By IRWIN St. JOHN TUCKER
14 OARING to its climax, this Presidential campaign presents strange spectacles. Last night John F. Kennedy and Richard M. Nixon met at a dinner honouring Alfred E. Smith, last and previously the only Catholic to run for President, who was defeated by Herbert Hoover, a Quaker.
So Nixon, a Quaker, toasted Alfred E. Smith, while Kennedy, a Catholic, heartily praised the living Hoover—like duellists between rounds! An atmosphere of gay banter prevailed, sharply contrasting with bitter speeches delivered during the day, before enormous crowds greeting both candidates in multitudes even surpassing those of the days of Franklin Roosevelt.
Their television debates, each watched by 100 million people, have grown sharper, but neither appears the winner. Biggest feature of the campaign has been repudiation of the religious issue by both parties and all candidates. But it keeps flaring Lip from the underground. At an Eisenhower rally in Detroit this week circulars were scattered showing a hooded member of the Ku Klux Klan—antiCatholic secret society—with the legend that anybody who votes against Kennedy is allied with that terrorist band. It was promptly denounced by Eisenhower and Nixon, denying rumours that it was a sly Republican dodge intended to boomerang against Kennedy. The Democratic candidate frequently expresses hope that none will vote for or against him because of religion. His plea that Catholics be no longer regarded as " second-class citizens " reminds all that none questions the " right" of Catholics to fight for their country.
This wins strong approval from veterans who remember how well Catholics bore themselves in battle. —and who will recall the univeral reverence and affection won by Catholic chaplains. And — they remember Kennedy's heroism in disaster. But chief cause of subsidence of the religious issue is the sudden emergence of foreign issues. Both candidates pledged support of commitments in Europe, i.e. West Berlin. But Kennedy's suggestion of an apology to Khrushchev over the U-2 flight, and his repeated assertion that Quemoy and Matsu, two tiny islands off the China coast, are not worth defending, brought against him the accusation of appeasement of Communists Nik and Mao. He has urged that those statements be forgotten, but they will not down, despite unlikelihood of a Catholic engaging in appeasement of Communists.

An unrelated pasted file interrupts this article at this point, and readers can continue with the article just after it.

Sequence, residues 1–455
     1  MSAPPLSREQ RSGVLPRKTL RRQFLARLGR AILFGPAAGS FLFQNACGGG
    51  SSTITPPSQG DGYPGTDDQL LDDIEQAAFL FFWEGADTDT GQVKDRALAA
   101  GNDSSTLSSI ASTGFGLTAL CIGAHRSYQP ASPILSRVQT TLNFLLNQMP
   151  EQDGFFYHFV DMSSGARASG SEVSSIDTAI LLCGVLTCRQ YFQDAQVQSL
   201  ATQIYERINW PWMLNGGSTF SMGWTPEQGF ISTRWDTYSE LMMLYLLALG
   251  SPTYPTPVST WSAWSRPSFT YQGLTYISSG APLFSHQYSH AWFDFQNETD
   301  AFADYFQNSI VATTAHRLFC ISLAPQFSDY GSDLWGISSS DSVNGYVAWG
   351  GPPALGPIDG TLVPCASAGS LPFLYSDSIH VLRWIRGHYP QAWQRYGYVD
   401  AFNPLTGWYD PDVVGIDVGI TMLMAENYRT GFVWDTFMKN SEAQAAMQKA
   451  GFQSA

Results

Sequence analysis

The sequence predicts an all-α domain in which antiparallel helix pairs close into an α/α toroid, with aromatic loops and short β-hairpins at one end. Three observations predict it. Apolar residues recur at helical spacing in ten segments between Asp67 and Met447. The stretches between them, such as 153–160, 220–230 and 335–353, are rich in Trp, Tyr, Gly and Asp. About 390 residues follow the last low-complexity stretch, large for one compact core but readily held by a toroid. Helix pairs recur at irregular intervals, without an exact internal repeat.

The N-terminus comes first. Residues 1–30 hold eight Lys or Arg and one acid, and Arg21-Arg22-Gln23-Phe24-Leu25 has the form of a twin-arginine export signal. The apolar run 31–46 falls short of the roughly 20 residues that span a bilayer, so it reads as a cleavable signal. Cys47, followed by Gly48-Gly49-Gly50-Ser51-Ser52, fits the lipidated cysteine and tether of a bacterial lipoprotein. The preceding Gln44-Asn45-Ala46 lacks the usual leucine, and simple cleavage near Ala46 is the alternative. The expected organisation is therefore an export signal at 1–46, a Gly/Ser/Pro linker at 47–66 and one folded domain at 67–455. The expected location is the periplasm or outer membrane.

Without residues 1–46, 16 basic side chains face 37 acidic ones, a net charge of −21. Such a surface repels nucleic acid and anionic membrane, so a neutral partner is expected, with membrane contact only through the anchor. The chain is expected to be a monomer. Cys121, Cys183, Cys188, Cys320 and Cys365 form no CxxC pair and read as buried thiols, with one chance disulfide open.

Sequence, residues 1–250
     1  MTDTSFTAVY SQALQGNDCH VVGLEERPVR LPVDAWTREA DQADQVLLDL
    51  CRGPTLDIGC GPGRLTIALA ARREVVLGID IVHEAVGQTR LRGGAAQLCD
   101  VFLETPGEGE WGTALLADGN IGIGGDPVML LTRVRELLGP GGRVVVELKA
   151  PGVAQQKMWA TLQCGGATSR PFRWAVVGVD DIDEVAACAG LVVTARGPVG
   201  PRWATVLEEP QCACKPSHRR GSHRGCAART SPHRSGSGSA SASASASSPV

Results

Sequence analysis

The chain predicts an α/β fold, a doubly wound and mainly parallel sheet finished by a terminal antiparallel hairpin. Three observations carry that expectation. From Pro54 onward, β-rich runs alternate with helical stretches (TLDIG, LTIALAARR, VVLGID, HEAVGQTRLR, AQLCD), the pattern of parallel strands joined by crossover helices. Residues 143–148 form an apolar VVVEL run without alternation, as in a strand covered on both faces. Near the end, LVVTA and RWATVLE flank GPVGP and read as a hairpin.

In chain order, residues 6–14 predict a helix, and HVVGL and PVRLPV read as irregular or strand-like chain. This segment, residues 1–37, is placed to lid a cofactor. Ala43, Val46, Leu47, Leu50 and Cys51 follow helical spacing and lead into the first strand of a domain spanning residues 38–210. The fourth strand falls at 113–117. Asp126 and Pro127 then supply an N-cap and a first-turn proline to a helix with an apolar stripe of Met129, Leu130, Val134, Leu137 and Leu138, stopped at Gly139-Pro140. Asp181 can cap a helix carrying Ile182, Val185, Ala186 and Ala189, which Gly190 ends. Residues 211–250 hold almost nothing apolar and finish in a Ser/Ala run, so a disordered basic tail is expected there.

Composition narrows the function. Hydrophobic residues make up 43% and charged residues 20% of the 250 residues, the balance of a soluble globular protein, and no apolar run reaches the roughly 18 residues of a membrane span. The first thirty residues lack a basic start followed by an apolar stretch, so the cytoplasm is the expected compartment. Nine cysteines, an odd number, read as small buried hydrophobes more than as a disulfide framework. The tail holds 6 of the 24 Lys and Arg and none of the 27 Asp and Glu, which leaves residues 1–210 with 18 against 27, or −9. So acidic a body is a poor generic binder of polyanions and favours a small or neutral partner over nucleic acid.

On domestic policies the candidates are frequently likened by non committed observers to Tweedledum and Tweedledec. Their main difference is that Kennedy promises to spend much more Federal money and at the same time to reduce taxes, while Nixon pointedly asks him how he intends to do that. Kennedy says the U.S. lags. Nixon asserts we are ahead. Who knows? " Life " and "The Saturday Evening Post ", two most widely circulated publications, have come out for Nixon, largely because of Kennedy's vague economics, not because of religion. Another " foreign policy" keeps bobbing up. despite all attempts to keep it quiet. At the Thomist Congress in Rome, Fr. Wuenschle. an American Redemptorist, pointed out that under official definitions of the last century. non-Catholics arc "second-class citizens" in any Catholic country. He urged that this medieval concept be dropped in favour of the United Nations declaration of the Rights of Man.
Fr. John A. Hardon, S.J., of Dayton University, urged that the Ecumenical Council lay this same ancient ghost. One big question for this Council, he says, is to determine whether non-Catholics "shall be tolerated on principle. or only for expediency ". And the Osservatore Romano's unfortunately-timed editorial demanding complete subservience of every Catholic elected to office to his ecclesiastical superiors simply will not down, despite vigorous disavowal of it by Kennedy and 150 Catholic lay intellectuals in Washington. Ending the bigotry does require co-operative efforts by both Protestants and Catholics